Which User and What Program Sent This Packet, and Should I be Concerned? Correlating Network Security Alerts with Host Logs for Full Traffic Attribution

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Monitoring your network traffic is a proven method for detecting intrusions, as is monitoring host logs. Even with visibility into both dimensions, there remains an important gap between network traffic monitoring and host-based monitoring. It’s like being able to look beneath the surface of the ocean or above the surface, but not both at the same time. 

Let’s expand upon that analogy. The next time you are snorkeling on a coral reef, take a moment to position your face so that the surface bisects your face mask and peruse another swimmer or boat both above and below the surface at the same time. It’s kind of neat. But being able to examine a given activity both on the network and inside the host at the same time is more than neat – it’s critical. Unfortunately, it doesn’t happen automatically because the correlation involved isn’t trivial.

When you observe a given packet – like an outbound connection from a workstation inside your network to some address on the Internet – what does that packet tell you? The IP address of both devices and the source and destination TCP ports. It doesn’t tell you the identity of the user or the process running inside that endpoint that initiated the connection. If that process is chrome.exe – that’s one thing; if it’s notepad.exe or powershell.exe – that’s another.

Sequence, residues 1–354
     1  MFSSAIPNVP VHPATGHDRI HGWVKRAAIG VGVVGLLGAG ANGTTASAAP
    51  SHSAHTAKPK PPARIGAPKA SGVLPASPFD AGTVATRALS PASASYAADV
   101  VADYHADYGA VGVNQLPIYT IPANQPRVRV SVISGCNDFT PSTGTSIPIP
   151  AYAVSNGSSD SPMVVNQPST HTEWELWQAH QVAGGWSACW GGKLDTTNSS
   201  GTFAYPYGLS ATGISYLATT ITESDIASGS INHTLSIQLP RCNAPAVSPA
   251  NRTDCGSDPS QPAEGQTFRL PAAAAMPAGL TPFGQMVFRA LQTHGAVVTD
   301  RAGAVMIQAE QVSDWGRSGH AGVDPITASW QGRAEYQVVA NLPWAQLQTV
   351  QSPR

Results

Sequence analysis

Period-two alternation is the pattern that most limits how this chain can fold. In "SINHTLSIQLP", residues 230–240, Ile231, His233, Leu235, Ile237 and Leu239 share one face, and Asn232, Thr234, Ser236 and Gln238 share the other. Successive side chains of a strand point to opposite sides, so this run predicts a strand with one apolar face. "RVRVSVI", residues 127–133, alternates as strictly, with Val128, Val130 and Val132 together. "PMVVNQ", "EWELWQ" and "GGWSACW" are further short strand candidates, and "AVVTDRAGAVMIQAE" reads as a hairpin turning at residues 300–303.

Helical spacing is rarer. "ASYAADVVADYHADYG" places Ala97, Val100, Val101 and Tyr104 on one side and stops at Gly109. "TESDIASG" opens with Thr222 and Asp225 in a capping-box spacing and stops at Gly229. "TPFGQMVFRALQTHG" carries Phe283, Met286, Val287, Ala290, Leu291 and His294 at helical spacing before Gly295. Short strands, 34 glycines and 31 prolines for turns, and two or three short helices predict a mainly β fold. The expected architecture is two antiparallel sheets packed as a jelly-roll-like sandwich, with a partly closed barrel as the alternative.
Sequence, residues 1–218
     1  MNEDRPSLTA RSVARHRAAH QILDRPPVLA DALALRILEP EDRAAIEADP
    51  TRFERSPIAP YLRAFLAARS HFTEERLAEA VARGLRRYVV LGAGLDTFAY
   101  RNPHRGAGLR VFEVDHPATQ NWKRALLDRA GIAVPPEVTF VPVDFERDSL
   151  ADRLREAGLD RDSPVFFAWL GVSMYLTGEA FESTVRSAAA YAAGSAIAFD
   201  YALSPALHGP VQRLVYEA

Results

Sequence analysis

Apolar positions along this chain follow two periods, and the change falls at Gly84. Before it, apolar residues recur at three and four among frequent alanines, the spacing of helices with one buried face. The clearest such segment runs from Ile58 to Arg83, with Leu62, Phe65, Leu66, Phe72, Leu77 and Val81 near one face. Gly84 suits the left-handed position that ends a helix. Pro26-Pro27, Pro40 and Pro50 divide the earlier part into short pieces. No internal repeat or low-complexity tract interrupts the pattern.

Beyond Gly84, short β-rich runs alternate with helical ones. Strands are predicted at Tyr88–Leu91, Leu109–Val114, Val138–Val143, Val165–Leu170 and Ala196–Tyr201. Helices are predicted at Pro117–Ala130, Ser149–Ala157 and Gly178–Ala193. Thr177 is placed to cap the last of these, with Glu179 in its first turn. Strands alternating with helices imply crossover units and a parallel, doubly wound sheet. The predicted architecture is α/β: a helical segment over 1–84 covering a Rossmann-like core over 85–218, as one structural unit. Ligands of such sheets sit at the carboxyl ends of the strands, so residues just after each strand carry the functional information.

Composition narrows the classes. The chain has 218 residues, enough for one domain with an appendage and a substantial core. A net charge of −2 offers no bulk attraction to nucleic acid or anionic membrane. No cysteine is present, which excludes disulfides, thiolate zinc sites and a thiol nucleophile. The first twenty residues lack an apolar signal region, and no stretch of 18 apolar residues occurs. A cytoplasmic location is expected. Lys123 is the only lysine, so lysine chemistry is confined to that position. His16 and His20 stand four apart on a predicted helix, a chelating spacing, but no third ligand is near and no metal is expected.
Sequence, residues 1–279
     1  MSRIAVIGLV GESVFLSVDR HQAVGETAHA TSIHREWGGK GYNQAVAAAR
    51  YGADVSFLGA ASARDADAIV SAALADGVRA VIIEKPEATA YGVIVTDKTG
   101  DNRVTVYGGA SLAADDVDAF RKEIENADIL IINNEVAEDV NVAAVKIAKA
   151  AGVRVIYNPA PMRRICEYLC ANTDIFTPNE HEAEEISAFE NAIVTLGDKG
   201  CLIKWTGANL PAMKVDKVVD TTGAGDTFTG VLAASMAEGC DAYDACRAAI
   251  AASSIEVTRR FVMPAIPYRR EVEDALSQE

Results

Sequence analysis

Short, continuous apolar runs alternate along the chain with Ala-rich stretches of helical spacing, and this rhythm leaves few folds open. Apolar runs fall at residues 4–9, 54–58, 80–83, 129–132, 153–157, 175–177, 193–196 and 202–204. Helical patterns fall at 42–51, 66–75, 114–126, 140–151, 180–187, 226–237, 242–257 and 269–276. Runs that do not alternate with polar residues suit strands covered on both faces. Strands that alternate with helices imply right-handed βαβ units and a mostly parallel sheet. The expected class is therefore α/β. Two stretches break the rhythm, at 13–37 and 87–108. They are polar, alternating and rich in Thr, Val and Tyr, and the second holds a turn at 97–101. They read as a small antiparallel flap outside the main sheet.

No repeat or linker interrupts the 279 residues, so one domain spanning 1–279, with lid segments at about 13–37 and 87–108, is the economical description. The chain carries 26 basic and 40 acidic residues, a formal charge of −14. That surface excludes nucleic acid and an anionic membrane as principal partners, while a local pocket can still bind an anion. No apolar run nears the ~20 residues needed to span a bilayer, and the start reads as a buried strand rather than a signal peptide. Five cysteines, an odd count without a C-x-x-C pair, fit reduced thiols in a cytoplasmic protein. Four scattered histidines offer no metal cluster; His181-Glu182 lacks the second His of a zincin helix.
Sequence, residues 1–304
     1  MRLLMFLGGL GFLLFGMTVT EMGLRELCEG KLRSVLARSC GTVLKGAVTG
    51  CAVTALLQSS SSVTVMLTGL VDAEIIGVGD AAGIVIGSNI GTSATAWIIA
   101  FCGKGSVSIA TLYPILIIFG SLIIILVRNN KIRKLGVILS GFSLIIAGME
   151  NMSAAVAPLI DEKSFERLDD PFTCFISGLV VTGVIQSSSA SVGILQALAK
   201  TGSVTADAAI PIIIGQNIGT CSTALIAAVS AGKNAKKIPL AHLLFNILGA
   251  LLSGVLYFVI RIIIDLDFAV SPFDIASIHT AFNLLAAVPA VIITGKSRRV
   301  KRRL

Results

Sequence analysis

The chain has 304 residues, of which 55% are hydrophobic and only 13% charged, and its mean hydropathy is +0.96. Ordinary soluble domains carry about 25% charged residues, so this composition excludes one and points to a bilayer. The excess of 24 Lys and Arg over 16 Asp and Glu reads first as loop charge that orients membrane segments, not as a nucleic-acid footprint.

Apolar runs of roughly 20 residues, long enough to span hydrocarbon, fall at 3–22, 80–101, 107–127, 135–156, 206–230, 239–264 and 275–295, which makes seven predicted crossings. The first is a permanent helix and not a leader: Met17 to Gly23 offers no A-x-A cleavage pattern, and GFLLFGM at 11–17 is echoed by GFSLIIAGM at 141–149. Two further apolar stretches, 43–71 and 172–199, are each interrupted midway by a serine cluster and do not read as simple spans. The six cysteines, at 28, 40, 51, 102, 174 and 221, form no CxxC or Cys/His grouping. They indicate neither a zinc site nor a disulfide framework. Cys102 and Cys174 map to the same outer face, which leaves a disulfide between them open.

Figuring out the identity of the user might be as “simple” as comparing the IP address to your DHCP server logs, determining the host name of the computer leasing that address at that time and then looking up which employee is assigned that PC. But that doesn’t guarantee it was really that employee’s user account that ran the program that opened that connection because even workstations allow other users to log on to them. 

To really know which user account is involved, and, more so, to determine which program opened the connection, you have to look at the logs on that host. 

In this real training for free event, we’ll capture some packets from the network and show you how to correlate that data to the appropriate Windows system. Then, we’ll look at the logs from that system to figure out exactly who and what (program) sent that packet. I’ll show you how to do this both with Security Log events from Windows Firewall and with sysmon.

We have the perfect sponsor for this webinar with LogRhythm, a leader both in SIEM and network monitoring. In fact, you’ll get a chance to see LogRhtythm’s powerful NetMon tool in action. It even has a Freemium version, that you can use to follow along and for monitoring your own network.

Liam Mayron from LogRhythm, will join to discuss network monitoring and analysis, particularly alarms based on network traffic that can provide starting points for host attribution. Network traffic analysis can be the first sign of misuse or even compromised systems. We’ll have a look at how a network monitoring tool can be configured to alert on relevant events, particularly those that can correlate to host information for an investigation.

Please join us for this real training for free session.

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